But now a Trump administration is a reality and thousands of Democrats are marching in the streets across the state. And more than once, in conversations with the Tribune, Democrats noted that the Trump-Clinton margin in Texas in November – 9 percentage points – was nearly as narrow as that of perennial battleground Ohio. 

And yet, there’s a clear-eyed understanding of just how difficult any of this will be.

Any Democratic candidate is likely to begin a statewide race with a double-digit deficit to a Republican incumbent. The Congressional and state legislative maps were drawn years ago stacked in favor of the GOP with few competitive seats. 

The way to narrow those gaps is typically to swamp voters with television advertising, which in Texas is prohibitively expensive. 

Fundraising remains a constant struggle for state Democrats, and there will be no shortage of Republican money. Abbott alone recently reported a $34.4 million war chest. And while Cruz had an unsteady landing after his presidential campaign, he was a money magnet as a candidate. 

And there is little optimism that the national Democratic campaign arms for gubernatorial and U.S. Senate races will be inclined to invest in the state. 

In effect, these Texas Democrats assume they are on their own.

Republican pollster Chris Perkins said there is some semblance of logic to the Democratic mindset but remains dubious that the opposition will make an effective case to voters.

“I can see the Democrats’ argument for optimism, based on national historical trends — but this is Texas,” he said. “We’re a conservative state and the Democrats’ most recent rhetoric suggests that they will once again run hard to the left and alienate independent-leaning voters.”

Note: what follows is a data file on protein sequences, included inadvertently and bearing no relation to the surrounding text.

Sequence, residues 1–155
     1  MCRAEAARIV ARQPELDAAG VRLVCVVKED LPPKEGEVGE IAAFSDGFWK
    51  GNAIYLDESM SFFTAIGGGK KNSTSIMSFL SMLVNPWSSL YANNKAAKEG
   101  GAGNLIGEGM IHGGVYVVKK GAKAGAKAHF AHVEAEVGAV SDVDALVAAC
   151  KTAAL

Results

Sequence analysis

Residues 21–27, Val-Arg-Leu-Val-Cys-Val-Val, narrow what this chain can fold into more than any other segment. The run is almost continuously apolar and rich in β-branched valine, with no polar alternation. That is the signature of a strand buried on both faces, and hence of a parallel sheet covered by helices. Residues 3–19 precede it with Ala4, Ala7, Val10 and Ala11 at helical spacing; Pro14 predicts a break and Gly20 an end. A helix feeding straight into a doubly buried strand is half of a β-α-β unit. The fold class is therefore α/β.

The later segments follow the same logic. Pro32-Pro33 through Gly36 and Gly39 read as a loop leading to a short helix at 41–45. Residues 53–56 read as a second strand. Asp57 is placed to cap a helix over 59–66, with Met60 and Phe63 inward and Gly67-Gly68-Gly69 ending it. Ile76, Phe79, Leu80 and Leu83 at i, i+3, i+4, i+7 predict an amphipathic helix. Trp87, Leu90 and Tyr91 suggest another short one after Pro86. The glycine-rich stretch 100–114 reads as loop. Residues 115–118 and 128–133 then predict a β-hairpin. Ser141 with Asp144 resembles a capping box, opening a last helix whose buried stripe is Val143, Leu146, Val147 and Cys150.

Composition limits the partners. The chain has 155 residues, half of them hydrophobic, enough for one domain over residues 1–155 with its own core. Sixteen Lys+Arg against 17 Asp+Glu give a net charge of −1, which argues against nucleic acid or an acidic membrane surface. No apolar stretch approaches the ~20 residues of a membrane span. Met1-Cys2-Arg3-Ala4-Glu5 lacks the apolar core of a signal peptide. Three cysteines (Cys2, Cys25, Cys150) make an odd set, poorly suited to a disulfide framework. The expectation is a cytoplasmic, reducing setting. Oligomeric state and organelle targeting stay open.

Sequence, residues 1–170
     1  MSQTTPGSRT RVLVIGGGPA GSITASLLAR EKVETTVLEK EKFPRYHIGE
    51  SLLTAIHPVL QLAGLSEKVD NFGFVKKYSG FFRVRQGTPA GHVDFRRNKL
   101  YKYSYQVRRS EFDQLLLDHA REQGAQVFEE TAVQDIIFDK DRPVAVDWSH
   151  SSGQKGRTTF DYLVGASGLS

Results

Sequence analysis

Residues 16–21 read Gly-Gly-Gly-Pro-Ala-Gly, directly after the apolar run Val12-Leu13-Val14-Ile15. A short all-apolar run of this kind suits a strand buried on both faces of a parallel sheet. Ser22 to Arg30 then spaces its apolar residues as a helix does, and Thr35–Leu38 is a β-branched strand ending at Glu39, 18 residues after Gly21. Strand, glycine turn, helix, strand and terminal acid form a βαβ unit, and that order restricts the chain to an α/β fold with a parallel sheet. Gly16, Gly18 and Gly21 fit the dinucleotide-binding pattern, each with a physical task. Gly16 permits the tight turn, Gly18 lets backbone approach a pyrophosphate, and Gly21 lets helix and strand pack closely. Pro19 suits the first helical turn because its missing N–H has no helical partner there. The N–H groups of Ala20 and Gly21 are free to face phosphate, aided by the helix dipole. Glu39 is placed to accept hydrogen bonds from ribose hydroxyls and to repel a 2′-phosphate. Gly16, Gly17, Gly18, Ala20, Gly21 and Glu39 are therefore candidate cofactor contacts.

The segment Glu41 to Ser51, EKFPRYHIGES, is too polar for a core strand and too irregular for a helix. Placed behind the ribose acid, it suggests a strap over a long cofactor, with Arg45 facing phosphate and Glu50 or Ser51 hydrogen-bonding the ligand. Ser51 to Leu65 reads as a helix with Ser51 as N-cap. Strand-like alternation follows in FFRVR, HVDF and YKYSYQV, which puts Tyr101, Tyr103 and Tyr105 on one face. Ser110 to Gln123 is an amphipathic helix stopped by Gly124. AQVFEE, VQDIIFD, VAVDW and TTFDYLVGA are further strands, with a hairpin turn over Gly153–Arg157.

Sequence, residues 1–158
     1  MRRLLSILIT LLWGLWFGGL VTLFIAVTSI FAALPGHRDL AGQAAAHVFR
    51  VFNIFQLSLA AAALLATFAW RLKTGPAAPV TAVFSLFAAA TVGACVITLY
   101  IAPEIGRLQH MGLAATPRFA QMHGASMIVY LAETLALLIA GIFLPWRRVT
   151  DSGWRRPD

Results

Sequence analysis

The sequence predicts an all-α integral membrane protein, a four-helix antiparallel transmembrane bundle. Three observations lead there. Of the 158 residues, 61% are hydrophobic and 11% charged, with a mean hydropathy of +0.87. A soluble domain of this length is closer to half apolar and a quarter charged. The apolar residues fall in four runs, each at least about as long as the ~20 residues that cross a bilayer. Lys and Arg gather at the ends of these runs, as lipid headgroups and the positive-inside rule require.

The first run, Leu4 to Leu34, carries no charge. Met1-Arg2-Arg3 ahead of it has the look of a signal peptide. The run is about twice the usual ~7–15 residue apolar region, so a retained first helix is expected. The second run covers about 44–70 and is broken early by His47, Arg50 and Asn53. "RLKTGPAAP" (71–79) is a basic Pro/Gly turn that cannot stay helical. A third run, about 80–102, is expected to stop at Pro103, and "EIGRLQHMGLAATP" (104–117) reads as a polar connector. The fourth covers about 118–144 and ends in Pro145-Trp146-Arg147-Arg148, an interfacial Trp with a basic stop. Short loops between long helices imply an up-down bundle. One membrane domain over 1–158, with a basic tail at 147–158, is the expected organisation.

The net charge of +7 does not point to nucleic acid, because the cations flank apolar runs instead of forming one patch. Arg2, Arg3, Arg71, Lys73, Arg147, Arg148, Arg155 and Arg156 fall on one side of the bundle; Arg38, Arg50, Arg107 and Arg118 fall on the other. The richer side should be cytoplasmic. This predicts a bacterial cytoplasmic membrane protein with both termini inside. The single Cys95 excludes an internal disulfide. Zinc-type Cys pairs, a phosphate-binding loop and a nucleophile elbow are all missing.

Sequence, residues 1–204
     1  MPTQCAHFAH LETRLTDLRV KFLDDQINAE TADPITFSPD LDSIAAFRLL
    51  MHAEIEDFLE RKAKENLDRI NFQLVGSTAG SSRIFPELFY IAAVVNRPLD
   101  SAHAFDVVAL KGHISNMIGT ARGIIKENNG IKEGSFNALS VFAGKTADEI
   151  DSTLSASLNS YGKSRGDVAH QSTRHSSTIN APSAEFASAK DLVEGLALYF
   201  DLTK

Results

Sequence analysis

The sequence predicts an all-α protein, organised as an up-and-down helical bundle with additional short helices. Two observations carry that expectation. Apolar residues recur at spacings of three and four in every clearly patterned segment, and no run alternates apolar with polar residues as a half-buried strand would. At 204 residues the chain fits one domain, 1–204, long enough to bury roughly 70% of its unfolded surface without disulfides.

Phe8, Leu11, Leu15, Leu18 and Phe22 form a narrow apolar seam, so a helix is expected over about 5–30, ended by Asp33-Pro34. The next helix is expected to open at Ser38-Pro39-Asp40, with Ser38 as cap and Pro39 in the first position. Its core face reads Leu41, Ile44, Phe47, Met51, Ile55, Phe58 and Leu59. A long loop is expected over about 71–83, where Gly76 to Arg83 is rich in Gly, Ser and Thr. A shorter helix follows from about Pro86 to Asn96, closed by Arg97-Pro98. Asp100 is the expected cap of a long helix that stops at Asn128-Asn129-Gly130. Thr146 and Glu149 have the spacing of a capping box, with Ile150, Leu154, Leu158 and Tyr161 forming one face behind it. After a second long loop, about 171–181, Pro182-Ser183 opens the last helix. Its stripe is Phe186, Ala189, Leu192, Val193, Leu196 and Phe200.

Still, Parker, the former Houston mayor, told the Tribune she sees more value to this cycle than just wins and losses. 

“I’m really excited as I interact with Democrats around the state, how many young electeds are ready to move up in the leadership,” she said. “There’s a lot of young Turks out there who are planning their future.” 

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An earlier version of this story misidentified U.S. Rep. Pete Sessions’ congressional district.


Rep O’Rourke: America and “the Better Angels of our Nature”

I’m writing to you as I fly back from the inauguration:  Greetings from seat 14D.

I have to begin by telling you that despite my deep disappointment in the results of our Presidential election in November, today’s inauguration deepened my faith in this country and my gratitude to be an American.

Where else could so much power — over the world’s largest economy, it’s most fearsome military and the bureaucracy that makes it all run — be peacefully handed over by one leader to a rival who has vowed to undo the very work that his predecessor spent 8 years carrying out?

Personally seeing Barack Obama, Donald Trump and Hillary Clinton on the same stage, solemnly fulfilling their constitutional obligations, is to witness our unique experiment in democracy and the power of our institutions.